Other members of the People’s Pastoral committee include Davies and Jeannie Kirkhope, the committee’s administrative director. They have recruited volunteers from a broad Appalachian base — parishes, congregations, intentional communities, social and environmental organizations — to assist in the preliminary information gathering process.
Volunteers are conducting face-to-face listening sessions in West Virginia, Virginia, Tennessee, Kentucky, North Carolina and other parts of Appalachia. They seek to draw out the softest of voices — people suffering from the environmental ravages of coal mining, hydraulic fracturing, mountaintop removal, chemical spills and compromised water quality, in addition to immigrants, Native Americans, the gay and transgender community, and families caught in the tragedy of abuse and drug addiction.
The committee’s website houses comments from listening sessions and offers an outlet for participation from outside Appalachia, and the pastoral will also welcome personal stories using art, music and poetry. Schmidt has hoped for a thousand total responses.
“We want to reach as many people as possible, particularly younger people,” Davies said.
So far, the committee has held 25 meetings in both large and small groups. Since January’s water crisis around Charleston, W. Va., community-wide outrage have upped the volume of voices, Kirkhope said. “Hearings have been going viral.”
Once all responses are gathered, Iafrate will begin writing.
Appalachia, he said, is one of the world’s “Galilees, so to speak. What good can come from West Virginia? These images have shaped and justified the economic and political choices that elites make,” he wrote in an email.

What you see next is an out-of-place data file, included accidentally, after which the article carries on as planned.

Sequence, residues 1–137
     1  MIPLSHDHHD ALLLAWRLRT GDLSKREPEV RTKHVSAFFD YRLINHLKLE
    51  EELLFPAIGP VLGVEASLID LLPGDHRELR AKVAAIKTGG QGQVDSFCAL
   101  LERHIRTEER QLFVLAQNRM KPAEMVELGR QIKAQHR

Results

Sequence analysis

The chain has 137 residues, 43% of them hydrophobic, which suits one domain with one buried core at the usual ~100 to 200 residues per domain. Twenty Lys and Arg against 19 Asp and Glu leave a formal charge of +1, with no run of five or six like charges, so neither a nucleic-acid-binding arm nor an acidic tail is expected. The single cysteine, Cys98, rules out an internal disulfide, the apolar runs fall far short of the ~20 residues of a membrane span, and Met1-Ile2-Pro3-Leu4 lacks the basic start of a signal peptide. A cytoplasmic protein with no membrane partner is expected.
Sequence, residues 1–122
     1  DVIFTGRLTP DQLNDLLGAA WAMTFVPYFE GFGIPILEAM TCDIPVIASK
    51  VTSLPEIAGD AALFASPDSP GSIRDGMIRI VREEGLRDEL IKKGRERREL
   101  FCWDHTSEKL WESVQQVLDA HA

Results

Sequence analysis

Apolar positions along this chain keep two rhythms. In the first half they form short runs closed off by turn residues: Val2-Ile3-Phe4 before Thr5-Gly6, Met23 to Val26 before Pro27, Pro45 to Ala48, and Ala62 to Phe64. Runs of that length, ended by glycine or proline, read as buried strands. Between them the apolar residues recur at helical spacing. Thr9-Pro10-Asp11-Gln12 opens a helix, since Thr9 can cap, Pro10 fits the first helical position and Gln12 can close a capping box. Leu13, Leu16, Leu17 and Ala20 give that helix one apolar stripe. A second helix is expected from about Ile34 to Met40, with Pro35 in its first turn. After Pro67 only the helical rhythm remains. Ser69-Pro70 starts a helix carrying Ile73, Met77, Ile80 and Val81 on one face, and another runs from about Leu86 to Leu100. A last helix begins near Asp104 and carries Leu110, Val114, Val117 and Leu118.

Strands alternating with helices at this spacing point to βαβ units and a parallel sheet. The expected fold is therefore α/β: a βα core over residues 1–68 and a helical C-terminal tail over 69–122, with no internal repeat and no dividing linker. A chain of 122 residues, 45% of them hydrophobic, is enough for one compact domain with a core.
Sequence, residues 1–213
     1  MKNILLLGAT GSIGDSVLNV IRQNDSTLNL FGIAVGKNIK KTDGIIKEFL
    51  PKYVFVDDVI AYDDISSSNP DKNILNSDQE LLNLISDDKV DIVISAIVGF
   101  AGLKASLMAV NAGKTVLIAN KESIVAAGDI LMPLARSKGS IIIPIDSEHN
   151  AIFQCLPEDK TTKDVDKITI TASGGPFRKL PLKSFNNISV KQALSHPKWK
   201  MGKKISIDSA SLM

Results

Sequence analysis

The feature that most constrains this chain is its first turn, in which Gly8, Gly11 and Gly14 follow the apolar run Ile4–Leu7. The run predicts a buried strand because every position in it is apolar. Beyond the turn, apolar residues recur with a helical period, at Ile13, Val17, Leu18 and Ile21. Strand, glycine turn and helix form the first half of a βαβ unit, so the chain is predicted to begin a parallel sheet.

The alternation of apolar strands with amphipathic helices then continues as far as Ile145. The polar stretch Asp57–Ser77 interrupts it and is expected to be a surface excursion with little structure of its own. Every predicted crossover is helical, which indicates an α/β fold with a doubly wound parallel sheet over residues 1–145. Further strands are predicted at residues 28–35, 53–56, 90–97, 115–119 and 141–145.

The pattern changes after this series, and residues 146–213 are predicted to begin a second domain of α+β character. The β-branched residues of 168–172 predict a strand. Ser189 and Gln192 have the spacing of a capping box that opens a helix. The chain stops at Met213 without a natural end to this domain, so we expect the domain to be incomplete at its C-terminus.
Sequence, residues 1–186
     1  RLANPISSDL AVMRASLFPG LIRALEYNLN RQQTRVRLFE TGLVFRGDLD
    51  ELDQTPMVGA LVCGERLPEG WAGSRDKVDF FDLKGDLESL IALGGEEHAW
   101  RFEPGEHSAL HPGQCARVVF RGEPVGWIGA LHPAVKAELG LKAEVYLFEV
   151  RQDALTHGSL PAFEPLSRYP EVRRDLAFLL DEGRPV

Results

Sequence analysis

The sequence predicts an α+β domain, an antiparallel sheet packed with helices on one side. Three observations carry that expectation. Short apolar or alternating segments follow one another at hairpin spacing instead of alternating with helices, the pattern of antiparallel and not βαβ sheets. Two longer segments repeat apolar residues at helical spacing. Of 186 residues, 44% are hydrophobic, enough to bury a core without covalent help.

“People come to feel that we should be thankful to have just any job at all no matter how dangerous or soul crushing it may be.” The ideology of coal, he said, is everywhere in the state.
“Many people believe coal is all that they have, that it rules,” Iafrate said.
Because of its pervasive “idolatrous theology,” he continued, coal has taken over “not only our mountains, and communities, but our understanding of our history, imaginations and visions of future possibility.”
Once the document is published, a Virginia-based playwright will turn it into a theatrical production, using the poetry, music, art and storytelling talents of Appalachian residents.
The footlights of the theater, Kirkhope said, will aid the pastoral by utilizing the arts’ ability to serve as a catalyst for change, but also help spread word of the Appalachian committee, which in recent years has seen membership cut in half to 200 and declining support from bishops.
Kirkhope attributes fewer members to fewer parish social justice committees, and the lack of bishop support to a gap in priorities — the committee focused on climate change and degradation of the land, and bishops with more institutional matters.
She told NCR she is hopeful that the pastoral “will resonate all over the world,” seeing Appalachia’s poverty as just one example of locales where the people and environment suffering from exploitation of natural resources.
“Appalachia’s agony is their agony, too,” she said.
This post was written by Marie Venner